And be patient... STMicroelectronics will soon be announcing a "major foundry player" that will be both a dual FD-SOI manufacturing source for ST, plus an open source for the industry. This important piece of news came out of the company's Q4 and FY13 presentation in Paris on January 28th....
Rick, try the FD-SOI Design Community on LinkedIn for more (not just ST) insight. The FDSOI crowd jumps from 28 to 14nm - not bothering w/20nm --altho Handel is a purist w/respect to nomenclature, it seems ;-) -- anyway, when he says 20nm, the FDSOI folks call it 14nm (that's what they're going head-to-head with, after all). Soitec also has good info - see latest ASN on Gen2FDSOI (28nm performance beats 20nm bulk (and costs 50% less); 14nm matches FinFET (at 20% lower cost). http://www.advancedsubstratenews.com/2014/03/fd-soi-back-to-basics-for-best-cost-energy-efficiency-and-performance/. Also CMP has a been seeing good results in their MPW runs - they've got 140+ users of the 28nm FDSOI PDK (which granted, is provided by ST/Leti) -- hear they're pretty pleased with the results they're seeing.
I think no one has disagreed that 28 nm bulk planar is the cheap(est) starting point. Going to FDSOI or FinFET adds cost, and going to 20 nm adds cost. With the added cost of FDSOI or FinFET, the shrink should be beyond 20 nm to make up, but is 14 nm even enough? Especially with increased lithography costs at 14 nm only adding to the costs?
The same situation of 2002/2003, when AMD chose the SOI process for ClawHammer. The problems were numerous, but this decision revealed itself good for AMD, if we see at the recent past. http://www.geek.com/chips/amd-paid-ibm-46-million-to-solve-some-soi-problems-552954/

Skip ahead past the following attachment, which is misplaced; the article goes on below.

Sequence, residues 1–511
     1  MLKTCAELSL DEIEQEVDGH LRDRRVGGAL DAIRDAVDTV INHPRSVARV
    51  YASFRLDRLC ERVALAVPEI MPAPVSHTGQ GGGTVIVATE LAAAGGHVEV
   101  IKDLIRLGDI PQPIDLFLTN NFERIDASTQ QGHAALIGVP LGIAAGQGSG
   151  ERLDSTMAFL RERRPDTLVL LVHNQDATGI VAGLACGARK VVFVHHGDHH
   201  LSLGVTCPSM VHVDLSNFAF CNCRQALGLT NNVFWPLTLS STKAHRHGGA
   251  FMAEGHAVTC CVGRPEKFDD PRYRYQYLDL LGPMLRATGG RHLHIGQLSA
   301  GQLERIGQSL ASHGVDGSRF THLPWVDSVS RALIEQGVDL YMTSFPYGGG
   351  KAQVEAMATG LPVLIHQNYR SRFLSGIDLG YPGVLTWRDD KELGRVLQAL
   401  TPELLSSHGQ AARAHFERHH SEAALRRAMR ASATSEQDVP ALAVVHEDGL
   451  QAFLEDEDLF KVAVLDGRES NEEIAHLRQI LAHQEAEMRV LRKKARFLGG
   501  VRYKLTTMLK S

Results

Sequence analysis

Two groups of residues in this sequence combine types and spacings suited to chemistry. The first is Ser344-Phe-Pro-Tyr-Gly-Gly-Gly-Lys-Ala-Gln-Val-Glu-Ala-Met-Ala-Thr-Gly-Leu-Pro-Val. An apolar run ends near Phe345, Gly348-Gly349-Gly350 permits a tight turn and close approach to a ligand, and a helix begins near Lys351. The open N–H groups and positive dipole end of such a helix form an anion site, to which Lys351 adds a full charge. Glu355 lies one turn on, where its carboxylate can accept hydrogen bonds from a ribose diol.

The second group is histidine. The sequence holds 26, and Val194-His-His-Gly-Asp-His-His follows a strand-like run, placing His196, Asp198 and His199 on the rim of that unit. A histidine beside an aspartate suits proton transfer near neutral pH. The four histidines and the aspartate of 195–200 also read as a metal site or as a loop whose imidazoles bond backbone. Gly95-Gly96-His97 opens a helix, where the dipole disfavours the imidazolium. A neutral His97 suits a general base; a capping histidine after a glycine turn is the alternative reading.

Today AMD has to do a gamble, and FD-SOI could be a good pick (like Altera and Intel alliance).
Yes, the industry has moved to Finfets to solve the problems with bulk. It's going to be difficult for FDSOI to become mainstream now. A few points:
(1) Yes, Finfets when executed properly give significantly lower wafer costs than FDSOI. That's what I heard from both Intel and TSMC people who made the decision in their respective companies.
(2) SOITEC is known to have significant yield problems getting 5nm or 8nm thin SOI uniformly across the wafer. I heard some bad yield numbers from their employees. The $500 wafer cost assumption is optimistic.
(3) With AMD moving away from SOI and the industry choosing Finfets over FDSOI, SOITEC is in trouble. It's been funding various marketing pushes by hiring consultants and third parties who push SOI... They also fund the SOI consortium. Some of the recent stuff about SOI in the press comes from those efforts. If you speak with decision makers in companies, they say Finfets WHEN EXECUTED WELL, are better, cheaper and more scalable.
(4) SOITEC was formed to commercialize the French Govt's (CEA/LETI's) SOI invention. So, ST Micro, which gets a lot of funding from the French govt, is pushing the technology.
Replay available now: A handful of emerging network technologies are competing to be the preferred wide-area connection for the Internet of Things. All claim lower costs and power use than cellular but none have wide deployment yet. Listen in as proponents of leading contenders make their case to be the metro or national IoT network of the future. Rick Merritt, EE Times Silicon Valley Bureau Chief, moderators this discussion. Join in and ask his guests questions.